From a soup run, with volunteers giving out sandwiches prepared in their kitchens to rough sleepers in parks, to a charity which transforms lives in countless ways, Homeless Care has grown exponentially in the last 35 years.
The Maidstone-based charity now manages a day centre and accommodation for homeless people, as well as a food bank.
Maidstone MP Ann Widdecombe opened Lily Smith House, where Maidstone Day Centre is based, in 2004. She met client Michael Tucker, and is pictured with, from left, Mike FitzGerald, Peter Walters, Patricia McCabe and Maidstone Mayor, Cllr Peter Hooper Picture: John Wardley
One of its longest-standing volunteers is Angela Clay who, after more than three decades of service, is set to stand down as the charity's secretary. She spoke about how the charity has changed and how the need for such services has increased.
It had humble beginnings, starting off as a soup kitchen, run by founder Patricia McCabe and Maidstone Girls Grammar School pupils, along with other volunteers, which operated about three days a week.
Mrs Clay discovered it by chance at Christmas in 1986, when she walked into Maidstone United Reformed Church in Week Street.
"I was walking along when I saw an open door and for some reason my feet walked towards that open door," she recalled. "I found Patricia McCabe inside organising a soup kitchen for Christmas, so I got involved."
Angela Clay in 2016, collecting a turkey from Woolpack Corner Farm in Biddenden, to feed the homeless at Christmas Pic: Martin Apps
From there the enterprise grew, with volunteers preparing Sunday breakfasts for rough sleepers, loading up sandwiches into their cars and handing them out to homeless people in parks, and chatting to them, if they wanted company. There were no more than six volunteers at a time, Mrs Clay remembers. In 1986, the organisation was named Maidstone Christian Care.
Then, nine years later, a day centre for the homeless was opened at Lenworth House, at the end of King Street, thanks to donations from members of the public and grants from trusts. That same year, Angela became its secretary.
The centre was always going to be temporary, due to the many costly repairs needed and in 2004 it moved into a custom-built complex in Knightrider Street. It cost £3.8million to build, the money coming from the government's safer communities fund.
As well as the day centre, the complex, called Lily Smith House, included temporary accommodation for homeless people, run by English Churches Housing, a separate organisation. Maidstone and the Weald MP Ann Widdecombe opened Lily Smith House and Mrs Clay remembers the ceremony was so well attended, she couldn't even get in.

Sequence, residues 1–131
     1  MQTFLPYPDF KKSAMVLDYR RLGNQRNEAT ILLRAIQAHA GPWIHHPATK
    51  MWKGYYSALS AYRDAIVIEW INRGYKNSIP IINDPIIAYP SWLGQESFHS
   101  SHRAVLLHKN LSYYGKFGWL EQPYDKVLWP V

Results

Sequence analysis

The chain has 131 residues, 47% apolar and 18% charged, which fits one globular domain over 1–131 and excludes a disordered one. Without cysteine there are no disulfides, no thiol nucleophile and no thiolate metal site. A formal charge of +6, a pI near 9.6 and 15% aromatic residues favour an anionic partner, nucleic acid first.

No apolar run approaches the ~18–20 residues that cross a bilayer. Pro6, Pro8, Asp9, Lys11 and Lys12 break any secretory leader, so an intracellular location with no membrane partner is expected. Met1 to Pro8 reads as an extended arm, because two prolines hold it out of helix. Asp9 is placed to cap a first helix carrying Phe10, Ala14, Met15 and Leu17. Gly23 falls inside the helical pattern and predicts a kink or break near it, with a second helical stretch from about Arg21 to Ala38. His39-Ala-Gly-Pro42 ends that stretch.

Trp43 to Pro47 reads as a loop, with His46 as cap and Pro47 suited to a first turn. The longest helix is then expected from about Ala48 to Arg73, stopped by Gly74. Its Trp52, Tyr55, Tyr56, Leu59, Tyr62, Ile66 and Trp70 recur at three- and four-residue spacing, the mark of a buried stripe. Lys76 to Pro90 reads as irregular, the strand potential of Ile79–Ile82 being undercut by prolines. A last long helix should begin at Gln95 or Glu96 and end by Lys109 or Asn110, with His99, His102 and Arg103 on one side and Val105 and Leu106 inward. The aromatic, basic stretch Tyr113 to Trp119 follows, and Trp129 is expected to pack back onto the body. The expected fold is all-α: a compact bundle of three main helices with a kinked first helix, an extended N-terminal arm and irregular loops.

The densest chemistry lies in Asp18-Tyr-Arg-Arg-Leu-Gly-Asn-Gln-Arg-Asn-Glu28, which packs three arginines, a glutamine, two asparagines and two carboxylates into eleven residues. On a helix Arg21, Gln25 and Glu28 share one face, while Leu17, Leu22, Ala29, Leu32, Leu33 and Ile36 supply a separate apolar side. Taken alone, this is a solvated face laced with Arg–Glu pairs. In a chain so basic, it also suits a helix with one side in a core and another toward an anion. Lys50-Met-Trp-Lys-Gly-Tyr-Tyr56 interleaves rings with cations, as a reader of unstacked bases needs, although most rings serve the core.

The facility now provides food, clothes, showers and support for clients who walk through their doors. In 2005, foodbank Food for Thought was launched, to "address the fact there were children going to bed hungry, not going to school having eaten, elderly people having trouble making ends meet but too proud to ask for help," Mrs Clay remembers.
Eight years later, the charity teamed up with Goodsell House Trust, to manage Goodsell House, which provides accommodation for homeless people.
In 2021, Goodsell House is still "thriving," she says, adding: "It's really helping people to establish some sort of regular lifestyle with better conditions and hope."
The long-standing volunteer has repeatedly witnessed the generosity of the public, from a bakery donating a van, companies voluntarily redecorating the centre, to Callum Dunne, a teenager with autism who raises funds through holding an annual Christmas lights display at his home.
"People are so kind. It isn't just people with loads of money, often people who are struggling themselves donate," she says.
For 20 years, KentOnline's sister publication the Kent Messenger has supported the charity by backing its annual Christmas campaign, calling for vital donations. Earlier this month, manager of the day centre, Matt Lamb, spoke of how demand for the foodbank had increased in the last six months.
He suggested it could have been down to the end of furlough and the £20 Universal Credit uplift, as well as people losing their jobs in the pandemic.
Angela says the need for services like Homeless Care just "grows and grows", adding: "If you are rough sleeping and get substance misuse, it's a horrible thing to go through.
"Unless you are walking in somebody's shoes, you really shouldn't judge."
As she looks back at her time with Homeless Care, which now costs about £250,000 a year to run, Angela is proud of what has been achieved.
She added: "It sounds grand to say the charity has changed lives. The charity has enabled people to move on to a life with a happier future."
To give a financial donation to Homeless Care's Christmas You Can Help campaign, click here.